February 15, 2019, Panel 3 "Colonial Fantasies": Bertie Mandelblatt and Nathan Braccio present their papers. For more panel videos, click here.
"Potato Pieces, Bananeries and Jardins à nègres: Mapping Colonial Fantasies of Self-Sufficiency in Plantation America" is curated by Bertie Mandelblatt. Mandelblatt is both a historical geographer of the early modern Atlantic world (PhD, University of London, 2008) whose research focuses on the first French empire in the Caribbean, and a trained librarian with experience working with cartographic materials in university libraries and special collections. Mandelblatt is currently the George S. Parker II '51 Curator of Maps and Prints at the John Carter Brown Library in Providence, Rhode Island, where she works with the many JCB Fellows, works in acquisitions and engages in scholarship based on JCB collections. Previously, she taught in the History and Geography Departments at the University of Toronto, amongst them courses on historical cartography, where she trained undergraduate students to analyze European and Amerindian maps of the colonial Americas to understand what they reveal about spatial visual representation, political power and empire in the early modern period. Mandelblatt is currently finishing a book based on her doctoral dissertation entitled “Feeding Slavery: Empire and Food in the French Atlantic.” In her research, she reconstructs the contested histories of subsistence, food provision and food consumption from the beginning of French colonization in the Antilles in the 1620s, up until the French and Haitian Revolutions of the 1780s and 90s. Mandelblatt argues that questions of subsistence lay at the heart of the spatialities and broad political economy of plantation slavery, and that scrutinizing patterns in food provisioning, subsistence crises and the solutions that were sought to alleviate them reveals fundamental aspects of how plantation slavery arose and developed.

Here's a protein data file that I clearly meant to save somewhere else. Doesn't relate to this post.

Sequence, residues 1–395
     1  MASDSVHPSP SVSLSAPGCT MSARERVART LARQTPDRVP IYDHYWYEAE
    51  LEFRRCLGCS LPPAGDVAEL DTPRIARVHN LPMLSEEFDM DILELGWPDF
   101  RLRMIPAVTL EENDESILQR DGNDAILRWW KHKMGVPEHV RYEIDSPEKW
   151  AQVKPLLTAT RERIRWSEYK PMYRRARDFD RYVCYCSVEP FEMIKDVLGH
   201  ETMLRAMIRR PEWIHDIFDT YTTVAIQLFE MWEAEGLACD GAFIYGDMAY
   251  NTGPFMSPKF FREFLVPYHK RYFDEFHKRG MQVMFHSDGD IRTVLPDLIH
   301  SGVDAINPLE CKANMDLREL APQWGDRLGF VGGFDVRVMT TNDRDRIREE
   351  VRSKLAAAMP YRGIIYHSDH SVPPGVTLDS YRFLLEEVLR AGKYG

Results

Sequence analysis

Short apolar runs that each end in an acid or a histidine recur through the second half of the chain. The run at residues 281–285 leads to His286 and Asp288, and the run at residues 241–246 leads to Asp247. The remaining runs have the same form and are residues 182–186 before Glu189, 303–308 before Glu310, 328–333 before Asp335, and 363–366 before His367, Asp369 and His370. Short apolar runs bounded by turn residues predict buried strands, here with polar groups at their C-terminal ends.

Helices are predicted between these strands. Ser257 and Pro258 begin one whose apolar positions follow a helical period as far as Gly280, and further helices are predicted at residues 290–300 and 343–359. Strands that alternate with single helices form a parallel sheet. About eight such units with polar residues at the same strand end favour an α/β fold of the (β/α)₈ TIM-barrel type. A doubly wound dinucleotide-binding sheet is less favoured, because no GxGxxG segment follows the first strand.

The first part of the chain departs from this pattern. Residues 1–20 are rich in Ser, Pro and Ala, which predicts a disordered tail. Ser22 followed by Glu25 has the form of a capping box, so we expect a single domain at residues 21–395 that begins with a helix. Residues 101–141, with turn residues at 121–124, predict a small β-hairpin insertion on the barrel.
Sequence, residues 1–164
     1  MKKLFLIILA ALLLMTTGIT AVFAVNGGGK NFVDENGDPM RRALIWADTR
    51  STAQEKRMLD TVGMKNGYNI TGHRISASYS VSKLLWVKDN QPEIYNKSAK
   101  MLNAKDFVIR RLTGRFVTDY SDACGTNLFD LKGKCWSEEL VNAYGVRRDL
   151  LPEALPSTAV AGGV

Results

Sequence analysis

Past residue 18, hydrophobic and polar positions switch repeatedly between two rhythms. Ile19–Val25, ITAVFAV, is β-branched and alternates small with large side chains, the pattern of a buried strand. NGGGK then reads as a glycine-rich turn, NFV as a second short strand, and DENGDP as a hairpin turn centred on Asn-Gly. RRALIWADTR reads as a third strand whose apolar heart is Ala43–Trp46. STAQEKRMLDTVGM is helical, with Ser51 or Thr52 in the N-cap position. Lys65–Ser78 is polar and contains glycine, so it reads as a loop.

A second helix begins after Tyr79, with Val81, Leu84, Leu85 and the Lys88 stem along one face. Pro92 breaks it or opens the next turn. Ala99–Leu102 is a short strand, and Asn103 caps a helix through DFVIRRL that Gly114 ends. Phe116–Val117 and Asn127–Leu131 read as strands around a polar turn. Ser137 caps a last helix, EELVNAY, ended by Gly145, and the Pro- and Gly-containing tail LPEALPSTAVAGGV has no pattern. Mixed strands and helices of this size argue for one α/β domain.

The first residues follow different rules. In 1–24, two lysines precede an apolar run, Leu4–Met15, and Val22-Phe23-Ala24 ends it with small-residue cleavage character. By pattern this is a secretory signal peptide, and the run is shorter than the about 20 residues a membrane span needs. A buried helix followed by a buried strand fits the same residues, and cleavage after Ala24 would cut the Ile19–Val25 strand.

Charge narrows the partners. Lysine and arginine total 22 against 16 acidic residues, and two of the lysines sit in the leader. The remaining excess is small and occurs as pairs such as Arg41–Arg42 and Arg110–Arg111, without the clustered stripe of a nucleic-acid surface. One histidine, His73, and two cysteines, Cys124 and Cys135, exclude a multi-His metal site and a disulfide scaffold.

"English Fantasies of Indigenous Deeds: The Strategic English Employment of Maps and Algonquians" is curated by Nathan Braccio. Braccio received his PhD in history from the University of Connecticut in 2020, and received an MA in history from American University in 2013. His dissertation, “Parallel Landscapes: Algonquian and English Spatial Understandings of New England, 1500-1700,” examines the ways in which Algonquians shaped and molded how the English understood the landscape of New England during exploration and early colonization. In 2017, Nathan was awarded the J.B. Harley Fellowship in the History of Cartography to pursue research in London. More about Nathan’s current work can be found on his website, nathanbraccio.com.